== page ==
Dukakis Course Not Just Academic


Out on Hilgard, the garbage trucks were grinding away at their curbside fodder, filling the waiting silence inside Classroom 2343, where 60-some backpacks with matching students occupied every desk and much of the floor space.

They were polite--high school student body officers, no doubt, and their baseball caps were brims-forward--but they wouldn’t have been worth their UCLA tuition if at least one wasn’t wondering how to ask the instructor, “If you’re so smart, why aren’t you president?”

Folks, when you’ve gone a few rounds with the Dan Rathers of the world, there’s probably not much that an undergrad can throw that you don’t see coming. And once Michael Dukakis had taken care of the academic bookkeeping and the Leno warmup stuff--”three unexcused absences and you’re outta here . . . anybody from Massachusetts?”--he answered the unasked: “If I knew anything about the presidency, I wouldn’t be here.”


They say those who can’t, teach. Michael Dukakis, three times the governor of Massachusetts, the Democrat not elected president in 1988, is spending 10 winter weeks teaching UCLA undergraduates about the presidency.

Only 42 men have reached the Oval Office. It follows that another 40-some have jumped every hurdle but the last, victory. Dukakis was one. That alone gives him plenty to say, and this class gives him three hours a week to say it.

“Incidentally, and I mean this, don’t let me intimidate you. If there’s anything we’re learning, it’s that there’s no pros in this business. I’m not; Newt Gingrich isn’t either.”

These students were 12 years old, tops, in 1988, when the Wall was still up, Reagan was still in, and Dukakis rose from 5% in the polls to the Democratic nomination.

He was a policy wonk before we’d even heard the phrase, who famously took a book on Swedish urban planning to the beach, a politician who tried to edify rather than electrify, selling competence rather than ideology to a nation hooked on Reagan’s snap, crackle and pop. His formality made Al Gore look like the poster boy for Ritalin.

The last time I remember Dukakis at UCLA was the 1988 presidential debate. I recall only the question--would he favor the death penalty if his cherished wife, Kitty, were to be raped and murdered?--and his answer, measured, dispassionate: “No, I don’t . . . “ As he walked offstage, he told an aide, “I blew it.” The rest of us had said so 90 minutes earlier.


Eight years later, in Top-Siders, khakis and plaid shirt with rolled sleeves, Dukakis’ didactic enthusiasms were classroom-perfect. “Any of you read ‘The Age of Federalism’? It’s long, difficult--a great book.” He coaxed students into the flow: “Shays’ Rebellion was . . . ?” He was droll: a textbook was last updated in 1986, “so there’s nothing here on Bush or Clinton. That’s fine with me. I won’t have to live through the agony of ’88.”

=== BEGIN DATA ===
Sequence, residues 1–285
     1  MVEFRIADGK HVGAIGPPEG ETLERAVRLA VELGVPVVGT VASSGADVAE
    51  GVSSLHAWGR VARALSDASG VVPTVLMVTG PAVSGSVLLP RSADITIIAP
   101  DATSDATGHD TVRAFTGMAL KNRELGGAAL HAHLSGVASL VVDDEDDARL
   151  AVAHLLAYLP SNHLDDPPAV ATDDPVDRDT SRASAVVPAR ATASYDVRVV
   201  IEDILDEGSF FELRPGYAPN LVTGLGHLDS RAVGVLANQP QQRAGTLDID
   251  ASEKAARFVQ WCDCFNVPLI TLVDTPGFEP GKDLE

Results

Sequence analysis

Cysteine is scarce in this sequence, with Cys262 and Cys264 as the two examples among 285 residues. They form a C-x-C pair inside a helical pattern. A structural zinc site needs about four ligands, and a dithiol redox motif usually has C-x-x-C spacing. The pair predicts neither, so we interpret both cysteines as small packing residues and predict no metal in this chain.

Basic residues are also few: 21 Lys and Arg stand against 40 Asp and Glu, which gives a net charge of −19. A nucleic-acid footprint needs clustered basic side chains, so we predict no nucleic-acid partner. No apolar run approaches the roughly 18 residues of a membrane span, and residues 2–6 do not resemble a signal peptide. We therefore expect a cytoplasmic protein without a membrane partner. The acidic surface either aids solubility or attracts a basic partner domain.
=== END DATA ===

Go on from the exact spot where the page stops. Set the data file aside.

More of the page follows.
The class waited half a breath to laugh, to make sure first that he did too.


Dukakis’ office is bare of anything but a Selectric typewriter, tape and Post-it notes. Two Korean students drop by, worried that they don’t know about Shays’ Rebellion. He pulls some Korean phrases from memory, and they giggle.

The phone rings often: a White House staffer he once mentored; someone from HBO, hoping he’ll persuade cousin Olympia Dukakis of the worth of some project; Kitty, who has finished her master’s in social work and spends two days a week at Childrens Hospital.

It is one civilized hallmark of America that ex-political standard-bearers do not get put against a wall and shot. They choose their own sunsets--golf, good works, teaching. Dukakis wants most of all to restore the luster to public service, whether it’s picking up other people’s litter or running for office.

“If guys like me aren’t out here encouraging kids. . . . Young people have got to be engaged in the public life of their communities and their country.”

The day the UCLA quarter began, a survey by the school’s Higher Education Research Institute found that the nation’s freshmen haven’t been this indifferent toward civic life in 30 years--almost exactly as long as Dukakis has spent in public service.



Where are the snow blowers of yesteryear?

Dukakis’ celebrated power snow blower provided the most felicitous photo op of his campaign. The worst, in helmet in a tank, evoked Calvin Coolidge looking grumpy in Indian headdress, an object lesson that ridicule can ruin a politician faster than scandal.

The buzzwords of ’88 have endured: “liberal” as a slam, card-carrying ACLU member, Willie Horton. When Pete Wilson ran for president, a comic called him Dukakis without the passion.

Policy Studies M198 will examine the chief executive, personality politics, a case study of Nixon’s Saturday Night Massacre, and the press--”the electronic medier,” in Haavard Yaad accents, the crisis-driven nightly news and the amazing shrinking sound bite.

Bob Dole is back where he was in 1988, campaigning in New Hampshire. George Bush is off fishing. And Dukakis spent Sunday at the beach with his granddaughter, not reading to her from Swedish planning manuals.